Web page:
Not all of this ripple effect is intangible. Miller and Elvis Dumervil combined for 29 1/2 sacks in large part because of the leads Manning's offense provided, allowing the pair of pass-rushers to, as the saying goes, pin their ears back and get after the quarterback.

``He puts everybody in the best position to show off your skill-set even if you're a grunt guy in the middle taking on double teams,'' said defensive tackle Mitch Unrein, who posted a career high in tackles and even caught one of Manning's 37 touchdown passes when he lined up as a fullback.

While Elway, the Broncos' Hall of Fame quarterback-turned-executive, scaled the mountaintop to land Manning, he also climbed the league's scrap heap to find the likes of veteran castaways Keith Brooking, Trindon Holliday, Jimmy Leonhard, Jacob Hester and Dan Koppen, all of whom have, like Manning, revived their careers in Denver.

Manning, who's the best quarterback the NFL has ever known when it comes to decoding defenses, was especially helpful for Denver's secondary.

``DBs, we're known as the cocky bunch anyway. But we're definitely confident going out their having gone against Peyton Manning every day in practice,'' safety David Bruton said. ``I don't feel like there's a quarterback we'll face that will do anything on the field that we haven't seen in practice.''

The Broncos spent their bye week having their starting offense square off against their starting defense, and Woodyard said that when Manning scored on a sneak Wednesday, he spiked the ball and talked a little trash.

``Peyton comes to work excited about being here,'' Woodyard said. ``He's excited about a shorts practice and I've never seen a quarterback like that, amped up every day, getting guys better.''

To be sure, some of the uptick in so many players' games is a natural progression as they gain experience. Some of it is because of the way the focused Broncos have had their blinders on all season, never looking beyond the day's work or the next opponent.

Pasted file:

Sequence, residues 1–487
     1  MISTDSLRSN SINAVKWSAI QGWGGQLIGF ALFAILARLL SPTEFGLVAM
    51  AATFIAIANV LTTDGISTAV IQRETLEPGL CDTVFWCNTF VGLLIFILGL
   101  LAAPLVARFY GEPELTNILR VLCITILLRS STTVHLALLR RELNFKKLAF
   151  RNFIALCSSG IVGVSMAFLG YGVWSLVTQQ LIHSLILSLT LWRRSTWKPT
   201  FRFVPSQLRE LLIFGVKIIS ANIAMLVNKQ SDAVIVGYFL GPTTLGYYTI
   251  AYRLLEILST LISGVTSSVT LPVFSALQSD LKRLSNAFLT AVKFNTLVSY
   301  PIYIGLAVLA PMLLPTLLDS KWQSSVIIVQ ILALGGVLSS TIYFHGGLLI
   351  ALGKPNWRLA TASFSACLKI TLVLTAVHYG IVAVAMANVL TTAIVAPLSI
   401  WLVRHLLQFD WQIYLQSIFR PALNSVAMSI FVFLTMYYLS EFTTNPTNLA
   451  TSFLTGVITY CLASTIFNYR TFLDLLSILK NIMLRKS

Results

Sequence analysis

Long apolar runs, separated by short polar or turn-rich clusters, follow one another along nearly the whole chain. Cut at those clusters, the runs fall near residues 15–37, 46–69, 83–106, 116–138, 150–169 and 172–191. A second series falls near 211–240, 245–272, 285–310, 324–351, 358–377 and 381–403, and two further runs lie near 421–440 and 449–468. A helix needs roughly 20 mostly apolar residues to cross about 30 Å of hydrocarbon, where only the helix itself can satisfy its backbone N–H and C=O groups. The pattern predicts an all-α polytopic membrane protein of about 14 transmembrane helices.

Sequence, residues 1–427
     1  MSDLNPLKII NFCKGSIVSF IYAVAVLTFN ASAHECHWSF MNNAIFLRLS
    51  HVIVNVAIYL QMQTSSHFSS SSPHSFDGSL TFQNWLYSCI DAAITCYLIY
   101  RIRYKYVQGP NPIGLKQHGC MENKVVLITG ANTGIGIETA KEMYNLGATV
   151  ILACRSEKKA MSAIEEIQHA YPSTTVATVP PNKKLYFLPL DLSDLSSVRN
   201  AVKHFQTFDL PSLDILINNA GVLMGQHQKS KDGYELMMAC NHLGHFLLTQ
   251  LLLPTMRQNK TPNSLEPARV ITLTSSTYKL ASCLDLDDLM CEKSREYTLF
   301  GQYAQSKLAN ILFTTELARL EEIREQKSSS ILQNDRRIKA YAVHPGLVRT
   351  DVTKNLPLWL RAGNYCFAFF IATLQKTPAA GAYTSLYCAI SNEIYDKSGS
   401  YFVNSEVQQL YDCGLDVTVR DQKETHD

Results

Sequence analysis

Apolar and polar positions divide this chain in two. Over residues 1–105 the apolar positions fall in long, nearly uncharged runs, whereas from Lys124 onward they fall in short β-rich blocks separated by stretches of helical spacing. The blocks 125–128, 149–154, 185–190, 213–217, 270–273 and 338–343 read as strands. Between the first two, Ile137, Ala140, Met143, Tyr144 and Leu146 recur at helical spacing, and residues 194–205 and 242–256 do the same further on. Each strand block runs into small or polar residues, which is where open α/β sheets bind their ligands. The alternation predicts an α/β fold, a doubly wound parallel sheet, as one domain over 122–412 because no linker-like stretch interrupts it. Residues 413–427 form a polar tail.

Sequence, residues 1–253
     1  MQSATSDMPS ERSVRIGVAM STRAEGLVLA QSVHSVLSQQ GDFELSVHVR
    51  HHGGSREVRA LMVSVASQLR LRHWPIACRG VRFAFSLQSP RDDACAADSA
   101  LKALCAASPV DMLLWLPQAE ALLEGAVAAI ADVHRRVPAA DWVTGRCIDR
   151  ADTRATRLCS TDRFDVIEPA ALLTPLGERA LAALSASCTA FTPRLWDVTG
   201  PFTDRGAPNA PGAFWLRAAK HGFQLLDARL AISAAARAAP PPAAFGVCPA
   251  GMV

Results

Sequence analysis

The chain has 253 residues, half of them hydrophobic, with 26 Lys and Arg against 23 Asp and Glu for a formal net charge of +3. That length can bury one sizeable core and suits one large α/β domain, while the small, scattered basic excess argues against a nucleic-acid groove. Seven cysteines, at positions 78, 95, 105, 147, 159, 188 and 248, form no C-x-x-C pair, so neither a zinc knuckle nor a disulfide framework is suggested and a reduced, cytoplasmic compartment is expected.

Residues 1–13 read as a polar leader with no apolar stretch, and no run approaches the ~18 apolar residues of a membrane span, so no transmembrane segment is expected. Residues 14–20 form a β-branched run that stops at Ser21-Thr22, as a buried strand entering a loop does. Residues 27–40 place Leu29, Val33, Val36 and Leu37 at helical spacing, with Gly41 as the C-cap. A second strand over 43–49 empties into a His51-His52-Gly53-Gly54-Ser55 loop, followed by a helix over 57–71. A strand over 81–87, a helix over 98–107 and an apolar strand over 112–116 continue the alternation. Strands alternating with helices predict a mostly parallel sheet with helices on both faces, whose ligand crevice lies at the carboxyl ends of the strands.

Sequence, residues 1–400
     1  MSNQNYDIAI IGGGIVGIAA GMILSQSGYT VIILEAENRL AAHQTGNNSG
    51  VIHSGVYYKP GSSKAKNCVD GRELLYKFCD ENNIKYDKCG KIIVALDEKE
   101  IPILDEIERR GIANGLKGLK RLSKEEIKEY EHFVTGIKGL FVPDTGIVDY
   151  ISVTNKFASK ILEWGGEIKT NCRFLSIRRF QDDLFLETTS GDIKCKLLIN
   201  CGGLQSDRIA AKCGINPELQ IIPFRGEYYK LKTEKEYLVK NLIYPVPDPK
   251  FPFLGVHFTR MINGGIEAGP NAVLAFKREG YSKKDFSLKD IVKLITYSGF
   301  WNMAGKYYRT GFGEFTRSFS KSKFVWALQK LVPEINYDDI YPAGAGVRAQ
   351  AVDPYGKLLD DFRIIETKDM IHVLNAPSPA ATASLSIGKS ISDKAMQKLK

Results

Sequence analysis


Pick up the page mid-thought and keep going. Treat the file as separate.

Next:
Manning, though, sits atop the credits.

``I think there's a direct correlation because when you have a guy of that caliber, he gives everybody confidence,'' Fox said. ``Not just the guys on offense, the guys on defense. And that's where I'm talking about him raising all boats.''

Notes: The Broncos' season home attendance of 613,062 was the highest in the team's 53-year history. ... Left tackle Ryan Clady didn't practice all week, but the team isn't required to give an injury report until Tuesday. Clady has dealt with a bothersome hamstring of late but has never missed a game in his career.

---

Online:http://pro32.ap.org/poll andhttp://twitter.com/AP-NFL

---

Follow Arnie Stapleton on Twitter:http://twitter.com/arniestapleton

Quick Links

Kevin Long dissects Juan Soto’s World Series Game 1 home run off Gerrit Cole

Kevin Long dissects Juan Soto’s World Series Game 1 home run off Gerrit Cole

Before the Nationals faced off with the Houston Astros in the 2019 World Series, Washington’s hitting coach Kevin Long sat down with FOX Sports analyst Tom Verducci. Long told the veteran reporter that he guaranteed young phenom Juan Soto would hit a home run off a high fastball from Gerrit Cole.

It was considered a lofty prediction, as Cole was in the midst of a Cy Young-caliber year and had allowed just one earned run in 22.2 postseason innings thus far that October. But sure enough, four innings into the first game of the series, Soto did exactly that.

In his first at-bat, Soto looked overmatched and struck out on three pitches. He got his second look three innings later and must have learned something, because he took Cole’s 1-0 pitch—a fastball high and outside—and sent it 417 feet to the opposite field.

At the Nationals’ annual WinterFest event, Long spoke with NBC Sports Washington’s Todd Dybas about what went into that prediction and why he felt compelled to make it.

“First and foremost, I do believe that Juan Soto is one of the best high fastball hitters in baseball,” Long said. “I’ve seen him numerous times take high fastballs and take care of business. Gerrit [Cole] doesn’t pitch in much, so I figured it was going to be out over the plate.